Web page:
Sailors in motor cutter save Athabaskan crew members in race back to England

AS Jack Hannam, LS William McClure and Stoker William Cummings


From left: Able Seaman Jack Hannam, Leading Seaman William McClure and Stoker William Cummings arrive safely in Penzance, England after the exhausting trip across the English Channel.

It was a night they never could have imagined.

What started as a routine patrol off the northern coast of France in His Majesty’s Canadian Ship (HMCS) Haida turned into a perilous run back to England in a 25-foot motor cutter.

It was the dead of night on April 29, 1944, and Haida was patrolling with its sister ship HMCS Athabaskan in support of a British mine-laying operation. Athabaskan had just received orders to intercept German warships that had been spotted in the area by coastal radar.

Stoker William Alfred Cummings from Toronto and Leading Seaman William Arthur McClure from Wellington, B.C., were aboard Haida taking care of their usual duties.

Little did they know that the next few hours would call on all their strength, stamina and courage.

As Athabaskan engaged two German naval vessels, it was struck by a torpedo that started a fire and ignited the four-inch ammunition magazines. This caused a devastating explosion and it began to sink.

Telling Athabaskan “they’d be back for them”, Haida’s commanding officer Harry DeWolf ordered his ship to drop smoke to cover Athabaskan and continued the chase, driving one enemy destroyer hard on shore and chasing off the other.

It quickly returned to Athabaskan, finding about 100 survivors in the water.

DeWolf ordered all of Haida’s boats and floats lowered in an effort to rescue as many of Athabaskan’s crew as possible. Heavy scrambling nets were hung over the sides and Haida seamen began to pull exhausted and oil-soaked sailors aboard.

DeWolf knew he could not stay long, but delayed as long as he could to pick up as many survivors as possible.

As the day dawned, he ordered Haida’s motor cutter to be dropped unmanned into the water to allow survivors from Athabaskan to climb into it. 

However, just as it was being lowered, Cummings, McClure and Able Seaman Jack Hannam decided to jump in.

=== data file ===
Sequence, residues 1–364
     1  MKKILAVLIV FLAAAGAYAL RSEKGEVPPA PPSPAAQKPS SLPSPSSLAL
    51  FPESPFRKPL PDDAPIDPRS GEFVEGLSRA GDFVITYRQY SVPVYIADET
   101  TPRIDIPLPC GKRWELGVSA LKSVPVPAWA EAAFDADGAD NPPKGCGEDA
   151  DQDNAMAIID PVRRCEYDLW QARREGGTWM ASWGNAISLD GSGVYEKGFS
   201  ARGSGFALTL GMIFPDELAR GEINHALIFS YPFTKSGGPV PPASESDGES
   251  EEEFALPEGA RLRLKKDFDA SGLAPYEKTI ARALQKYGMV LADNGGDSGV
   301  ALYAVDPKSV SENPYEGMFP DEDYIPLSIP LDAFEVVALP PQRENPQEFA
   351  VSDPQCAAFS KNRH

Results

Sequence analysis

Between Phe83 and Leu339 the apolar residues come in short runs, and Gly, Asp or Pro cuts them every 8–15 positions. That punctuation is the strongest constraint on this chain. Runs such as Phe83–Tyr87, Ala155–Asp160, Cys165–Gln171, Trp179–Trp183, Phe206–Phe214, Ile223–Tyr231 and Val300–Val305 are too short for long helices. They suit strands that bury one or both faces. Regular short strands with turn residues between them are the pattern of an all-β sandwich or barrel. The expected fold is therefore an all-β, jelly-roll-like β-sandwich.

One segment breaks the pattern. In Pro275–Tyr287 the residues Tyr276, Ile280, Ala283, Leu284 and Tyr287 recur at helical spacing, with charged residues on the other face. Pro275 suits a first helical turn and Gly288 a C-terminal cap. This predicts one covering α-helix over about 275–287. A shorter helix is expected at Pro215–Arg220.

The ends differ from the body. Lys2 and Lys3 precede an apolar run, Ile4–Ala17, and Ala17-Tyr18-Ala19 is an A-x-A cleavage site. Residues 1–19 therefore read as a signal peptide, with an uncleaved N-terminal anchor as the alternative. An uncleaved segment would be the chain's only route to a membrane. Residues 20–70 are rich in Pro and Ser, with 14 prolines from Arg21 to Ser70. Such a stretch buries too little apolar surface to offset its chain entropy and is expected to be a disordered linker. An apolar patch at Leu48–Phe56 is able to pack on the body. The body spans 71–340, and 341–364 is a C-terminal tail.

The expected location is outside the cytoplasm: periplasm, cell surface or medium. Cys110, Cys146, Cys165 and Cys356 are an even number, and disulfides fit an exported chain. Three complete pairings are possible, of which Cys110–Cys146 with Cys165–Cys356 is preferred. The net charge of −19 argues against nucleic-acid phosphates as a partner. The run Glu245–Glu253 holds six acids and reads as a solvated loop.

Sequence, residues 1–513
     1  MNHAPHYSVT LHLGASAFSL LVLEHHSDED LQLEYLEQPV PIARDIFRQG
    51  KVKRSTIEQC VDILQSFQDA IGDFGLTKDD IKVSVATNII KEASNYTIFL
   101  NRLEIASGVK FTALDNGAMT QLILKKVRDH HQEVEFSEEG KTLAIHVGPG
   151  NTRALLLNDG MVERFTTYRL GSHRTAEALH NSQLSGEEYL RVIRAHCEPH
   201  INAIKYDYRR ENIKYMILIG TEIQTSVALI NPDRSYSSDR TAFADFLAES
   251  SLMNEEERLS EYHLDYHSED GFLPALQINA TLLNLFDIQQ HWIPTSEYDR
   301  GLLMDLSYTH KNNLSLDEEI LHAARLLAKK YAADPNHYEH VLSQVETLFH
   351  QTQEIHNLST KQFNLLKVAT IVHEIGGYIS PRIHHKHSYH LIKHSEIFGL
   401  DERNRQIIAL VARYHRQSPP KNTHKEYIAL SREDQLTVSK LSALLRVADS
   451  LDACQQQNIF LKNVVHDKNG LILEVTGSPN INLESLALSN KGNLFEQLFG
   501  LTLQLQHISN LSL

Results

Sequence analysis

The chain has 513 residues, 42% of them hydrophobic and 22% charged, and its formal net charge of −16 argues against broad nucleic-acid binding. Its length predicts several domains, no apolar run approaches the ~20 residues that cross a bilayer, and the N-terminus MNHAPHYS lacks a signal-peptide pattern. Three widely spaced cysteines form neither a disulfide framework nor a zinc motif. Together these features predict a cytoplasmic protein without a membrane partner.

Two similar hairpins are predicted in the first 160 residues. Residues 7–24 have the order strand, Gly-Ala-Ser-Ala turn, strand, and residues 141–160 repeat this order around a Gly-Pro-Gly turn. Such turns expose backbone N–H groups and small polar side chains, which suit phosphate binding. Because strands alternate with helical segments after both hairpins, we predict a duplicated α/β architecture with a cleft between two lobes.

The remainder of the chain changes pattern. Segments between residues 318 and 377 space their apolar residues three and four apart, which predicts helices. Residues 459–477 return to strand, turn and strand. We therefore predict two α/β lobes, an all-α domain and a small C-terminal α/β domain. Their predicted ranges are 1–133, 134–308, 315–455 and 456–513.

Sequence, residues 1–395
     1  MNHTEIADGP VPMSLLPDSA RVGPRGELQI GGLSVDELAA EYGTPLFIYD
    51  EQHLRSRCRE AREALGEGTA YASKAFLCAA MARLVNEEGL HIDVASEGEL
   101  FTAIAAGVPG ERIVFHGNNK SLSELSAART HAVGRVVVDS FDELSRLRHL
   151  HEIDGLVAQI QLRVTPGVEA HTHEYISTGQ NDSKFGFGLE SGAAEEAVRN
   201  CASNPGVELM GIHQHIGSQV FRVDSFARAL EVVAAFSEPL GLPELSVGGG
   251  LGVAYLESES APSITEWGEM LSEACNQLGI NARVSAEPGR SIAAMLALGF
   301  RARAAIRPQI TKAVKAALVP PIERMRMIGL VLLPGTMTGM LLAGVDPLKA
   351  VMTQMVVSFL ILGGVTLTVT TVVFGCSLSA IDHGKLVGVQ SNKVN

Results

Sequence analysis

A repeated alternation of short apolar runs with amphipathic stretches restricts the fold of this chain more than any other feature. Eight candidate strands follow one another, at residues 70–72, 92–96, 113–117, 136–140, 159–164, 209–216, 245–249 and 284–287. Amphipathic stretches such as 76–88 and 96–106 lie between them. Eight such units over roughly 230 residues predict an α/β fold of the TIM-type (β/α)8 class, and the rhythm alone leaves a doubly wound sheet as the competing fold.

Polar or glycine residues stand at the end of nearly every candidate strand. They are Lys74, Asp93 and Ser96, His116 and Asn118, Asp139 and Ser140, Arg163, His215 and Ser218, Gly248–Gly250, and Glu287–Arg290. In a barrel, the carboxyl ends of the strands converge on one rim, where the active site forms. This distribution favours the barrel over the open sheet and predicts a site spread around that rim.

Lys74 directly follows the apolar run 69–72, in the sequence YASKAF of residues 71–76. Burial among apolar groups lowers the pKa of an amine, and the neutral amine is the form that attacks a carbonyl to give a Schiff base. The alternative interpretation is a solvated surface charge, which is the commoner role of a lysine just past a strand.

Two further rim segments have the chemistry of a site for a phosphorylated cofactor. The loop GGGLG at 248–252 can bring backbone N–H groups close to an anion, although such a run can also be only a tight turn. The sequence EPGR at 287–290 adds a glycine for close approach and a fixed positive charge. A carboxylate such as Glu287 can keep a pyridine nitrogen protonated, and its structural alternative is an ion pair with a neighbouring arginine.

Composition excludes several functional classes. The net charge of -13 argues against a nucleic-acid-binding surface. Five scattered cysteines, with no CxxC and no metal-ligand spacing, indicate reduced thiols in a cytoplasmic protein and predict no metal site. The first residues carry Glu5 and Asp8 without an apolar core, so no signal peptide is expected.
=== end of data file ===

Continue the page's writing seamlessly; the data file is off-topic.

They picked up six survivors from Athabaskan and two crew members from their own ship who had fallen from the rescue nets.

Haida quickly departed the area due to the onset of daylight and heightened risk from air and sea attacks, leaving the motor cutter behind.

At one point the cutter’s engine stopped on a fouled intake. Applying the remedy known around the world for recalcitrant machinery, Cummings gave the intake a good thump with a wrench, at the same time pressing the starter. Recognizing the touch of a master mechanic, the engine coughed into life, and McClure set a course for England.

Four German minesweepers hove into view and McClure watched with a touch of alarm as one headed towards his boat. He cranked all speed, but the minesweeper overtook them. Then, for whatever reason, it turned away and the cutter chugged on.

After almost completing the 100-mile journey and just seven miles short of the English coast, the engine failed again. As two fighter jets came in flying low, the men in the cutter fired a flare before realizing they were German Messerschmitts. They roared overhead but continued on without paying any interest to the cutter.

Cummings got the engine started again. They had no medical supplies and began to worry about some of the rescued sailors. There was still a ways to go but they knew Haida would have made their plight known and somebody would be looking for them.

The Royal Air Force eventually spotted them and an air-sea rescue launch brought them safely into Penzance Harbour in Cornwall, England. They were all taken to hospital for overnight observation and all but one of the rescued sailors left the next day.

Both Cummings and McClure were awarded Mention in Despatches on September 9, 1944, for “courage, resolution and devotion to duty in action with enemy destroyers in rescuing survivors from HMCS Athabaskan.”

Overall, Haida was able to rescue 44 of Athabaskan’s crew, but 128 men were lost. A further 83 men were taken prisoner by German minesweepers.

For Cummings and McClure, it was a night they would never forget.



Tales of the North Atlantic, by Hal Lawrence

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